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St George was a Treasure Trailer!

The patron saint of England is St George and today is Saint George’s Day!

For many people in England, today is an ordinary working day, although this year with it being so close to Easter, some people may still be on holiday. The 23rd April is the traditionally accepted date of St George’s death in AD303. His parents were Greek Christians and his father was an officer in the Roman army. George also became an officer in the Roman army and although he is the patron saint of England, he wasn’t English and there is no hard evidence to suggest that he ever came to England.

Crusaders were early Trailers!

St George was a Treasure Trailer!When the first crusaders set off (calling themselves ‘pilgrims’), they wore large red cloth crosses, hence the subsequent naming of ‘crusade’, originally derived from the latin word ‘crux’. As pilgrims, the original crusaders saw themselves as undertaking an armed mission or pilgrimage, and the ‘taking of the crux’ all the way to Jerusalem symbolised their vows that would only be fulfilled upon reaching their destination. The first crusade was 1096 to 1099 and the popularity of St George seems to rise with the Crusades. He was reported to have appeared during the battle of Antioch in 1098, although the first church in England to be dedicated to him was earlier than this, in Doncaster, in 1061.

King Richard I (the Lionheart) of England adopted St George during the Third Crusade (1191-2) and he became the patron saint of England during the late Middle Ages. In 1415 Henry V used him to rally his troops before the battle of Agincourt and in the 15th Century St George’s Day was as popular as Christmas!

So where did he do his Trailing?

As well as England, St George is also the patron saint of umpteen other places and whilst it is hard to identify exactly where he travelled to he is associated with various countries including Aragon, Catalonia, Ethiopia, George, Greece, Lithuania, Palestine, Portugal and Russia. Interestingly he is also the patron saint of several cities – Amersfoort, Beirut, Bteghrine, Caceres, Ferrara, Freiburg, Genoa, Ljubljana, Gozo, Pomorie, Qormi, Lod and Moscow. This isn’t a definitive list as there are other places included in different sources.

Scouts, soldiers, archers, cavalry and chivalry, farmers and field workers, riders and saddlers amongst many others all also claim him as their patron saint. With thanks to Project Britain for the information!

He is always depicted as a knight carrying a shield with a red cross (or a banner with a red cross), generally sitting on a horse and always killing a dragon!

St George was a Treasure Trailer! - Brinsop ChurchRemember St George when you are out and about this weekend.

English Heritage has a whole list of events associated with St George happening this weekend. Or you could make your own entertainment, by going out on a Trail dressed as St George and carrying your sword in case you meet any dragons along the way!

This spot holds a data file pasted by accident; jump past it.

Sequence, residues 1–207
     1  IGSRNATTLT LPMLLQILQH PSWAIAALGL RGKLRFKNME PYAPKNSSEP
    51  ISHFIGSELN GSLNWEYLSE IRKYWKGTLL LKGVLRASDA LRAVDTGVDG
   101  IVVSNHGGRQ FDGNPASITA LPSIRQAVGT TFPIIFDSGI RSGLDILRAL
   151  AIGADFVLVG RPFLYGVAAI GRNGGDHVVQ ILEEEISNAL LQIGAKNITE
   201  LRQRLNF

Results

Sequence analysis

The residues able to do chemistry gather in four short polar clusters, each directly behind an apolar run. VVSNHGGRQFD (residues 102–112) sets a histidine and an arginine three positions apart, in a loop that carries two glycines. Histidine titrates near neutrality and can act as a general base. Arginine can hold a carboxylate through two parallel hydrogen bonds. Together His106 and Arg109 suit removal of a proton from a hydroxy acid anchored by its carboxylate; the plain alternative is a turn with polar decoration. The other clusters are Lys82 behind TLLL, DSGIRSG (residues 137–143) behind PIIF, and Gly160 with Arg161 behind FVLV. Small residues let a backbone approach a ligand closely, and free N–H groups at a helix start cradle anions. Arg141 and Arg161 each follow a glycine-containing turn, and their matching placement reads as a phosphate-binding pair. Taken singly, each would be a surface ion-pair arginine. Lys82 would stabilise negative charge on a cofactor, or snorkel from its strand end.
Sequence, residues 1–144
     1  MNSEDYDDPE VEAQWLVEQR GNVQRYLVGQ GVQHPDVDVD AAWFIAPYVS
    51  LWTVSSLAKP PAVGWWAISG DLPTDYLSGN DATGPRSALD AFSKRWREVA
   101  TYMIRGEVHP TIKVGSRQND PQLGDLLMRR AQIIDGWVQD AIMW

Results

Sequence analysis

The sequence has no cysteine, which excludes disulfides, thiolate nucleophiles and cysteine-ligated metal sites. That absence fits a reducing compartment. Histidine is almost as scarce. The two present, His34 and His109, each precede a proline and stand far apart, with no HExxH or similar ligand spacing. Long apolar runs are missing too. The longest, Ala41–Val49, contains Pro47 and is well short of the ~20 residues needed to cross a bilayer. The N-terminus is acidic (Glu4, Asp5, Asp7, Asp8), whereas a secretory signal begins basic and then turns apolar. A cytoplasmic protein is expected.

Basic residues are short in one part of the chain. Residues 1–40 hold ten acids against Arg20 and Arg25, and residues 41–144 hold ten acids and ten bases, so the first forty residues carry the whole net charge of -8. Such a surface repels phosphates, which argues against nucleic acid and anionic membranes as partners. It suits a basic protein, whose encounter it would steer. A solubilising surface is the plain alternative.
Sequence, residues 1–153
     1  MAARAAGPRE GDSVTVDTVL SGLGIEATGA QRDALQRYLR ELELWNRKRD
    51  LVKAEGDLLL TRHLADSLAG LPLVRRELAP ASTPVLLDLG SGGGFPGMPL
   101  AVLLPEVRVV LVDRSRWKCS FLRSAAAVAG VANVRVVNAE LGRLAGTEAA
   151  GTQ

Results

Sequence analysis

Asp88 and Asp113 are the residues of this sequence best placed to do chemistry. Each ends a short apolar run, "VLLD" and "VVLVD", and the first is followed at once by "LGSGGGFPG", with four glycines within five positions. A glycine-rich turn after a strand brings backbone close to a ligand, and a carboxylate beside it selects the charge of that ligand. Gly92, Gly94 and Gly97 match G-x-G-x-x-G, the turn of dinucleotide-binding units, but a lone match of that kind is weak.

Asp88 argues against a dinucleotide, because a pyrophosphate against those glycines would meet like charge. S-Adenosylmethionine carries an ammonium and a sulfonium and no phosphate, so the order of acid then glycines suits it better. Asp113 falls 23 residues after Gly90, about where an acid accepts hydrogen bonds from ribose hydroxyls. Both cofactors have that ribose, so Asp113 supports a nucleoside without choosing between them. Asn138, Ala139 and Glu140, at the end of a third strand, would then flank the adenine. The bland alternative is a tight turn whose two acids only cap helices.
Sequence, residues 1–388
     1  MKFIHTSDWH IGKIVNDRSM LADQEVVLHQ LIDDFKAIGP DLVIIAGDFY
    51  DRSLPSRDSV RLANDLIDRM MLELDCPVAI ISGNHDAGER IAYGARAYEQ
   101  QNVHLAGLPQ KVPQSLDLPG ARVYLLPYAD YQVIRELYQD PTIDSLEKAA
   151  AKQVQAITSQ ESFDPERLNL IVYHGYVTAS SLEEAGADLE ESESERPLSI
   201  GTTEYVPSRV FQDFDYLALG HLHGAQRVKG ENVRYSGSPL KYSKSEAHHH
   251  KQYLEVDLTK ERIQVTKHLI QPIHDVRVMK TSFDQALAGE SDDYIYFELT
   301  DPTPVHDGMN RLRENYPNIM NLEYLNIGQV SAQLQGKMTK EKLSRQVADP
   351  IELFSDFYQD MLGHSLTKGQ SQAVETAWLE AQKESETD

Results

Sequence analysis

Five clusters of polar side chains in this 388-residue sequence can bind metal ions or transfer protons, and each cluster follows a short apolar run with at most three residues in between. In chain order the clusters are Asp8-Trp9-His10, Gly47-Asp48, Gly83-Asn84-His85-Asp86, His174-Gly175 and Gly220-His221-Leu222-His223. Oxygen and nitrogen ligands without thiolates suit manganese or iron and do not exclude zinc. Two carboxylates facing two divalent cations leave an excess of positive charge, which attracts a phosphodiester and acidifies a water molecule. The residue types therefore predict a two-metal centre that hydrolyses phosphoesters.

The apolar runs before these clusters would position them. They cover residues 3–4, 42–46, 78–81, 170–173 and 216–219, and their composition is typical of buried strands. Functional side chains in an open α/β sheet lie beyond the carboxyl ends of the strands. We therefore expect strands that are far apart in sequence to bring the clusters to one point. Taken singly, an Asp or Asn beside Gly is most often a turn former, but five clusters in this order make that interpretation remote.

Upload your St George’s Day photos onto our facebook site – we’d love to see them.

Sources: Wikipedia, Project Britain, Britannia

23rd April 2014

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8 World Records

Did you get a copy of our recent newsletter with details of the top 20 Treasure Trails World Records?  Got us to thinking about other world records in the world of exploring and walking!

Bonkers8 World Records - Treasure Trails World records

There are some totally bonkers world records like “fastest time to walk 100 yards wearing swim fins while simultaneously bouncing a table tennis ball on alternating sides of a table tennis paddle and juggling two tennis balls”, which is apparently 1min, 49.5 seconds and if you want to watch the guy who holds the record doing it, then just click here!

Dangerous

And then there are the dangerous ones, like the man from India who walked 10 meters backwards while carrying a 50 kilogram cement bag with his hair!

Arm Walking

Is it really walking if you use your arms!  Last July, Alicia Weber arm walked 340 feet on bars in five minutes.  And she set another world record for the furthest in one minute too!  Or what about walking on hands – is that really walking? Michael Martin thought so; he walked on his hands for 50.43 seconds although his record has been broken!

Surely this can be broken?

Talking of breaking, there is a world record for the oldest walking stick – 63 years. Darryl Learie inherited the oldest walking stick from his grandfather, Jalmari Vastaama. Vastaama was a Boy Scout leader and created the stick in 1948 with the Boy Scout emblem and year. Search your attics; there must be a walking stick older than that.

Exploring

The first person to achieve the explorers’ grand slam was Young-Seok Park (South Korea) who reached the North Pole on foot on 30 April 2005.  The grand slam involves climbing the highest peaks on all seven continents (the ‘seven summits’), the 14 peaks over 8,000 m (26,246 ft), and reaching the North and South poles on foot. His quest began when he reached the summit of Mt Everest on 16 May 1993. That is some exploration!

Lots of people8 World Records

The largest simultaneous walk was organised by the Green Communities Canada and involved 231,635 participants who walked for a minimum of 1 km (0.62 miles) at 1,011 different locations around Canada on 3 October 2007. Our Gold Partner, London Street Games was involved in the ‘Most Participants in a Treasure Hunt’ world record in association with Team London 2012 Ambassadors.

Treasure Trails Records

Have a look at our world records and if you think you are a record holder upload your suggestion and image to our facebook page.

9th April 2014

Posted In: Did you know, Ideas

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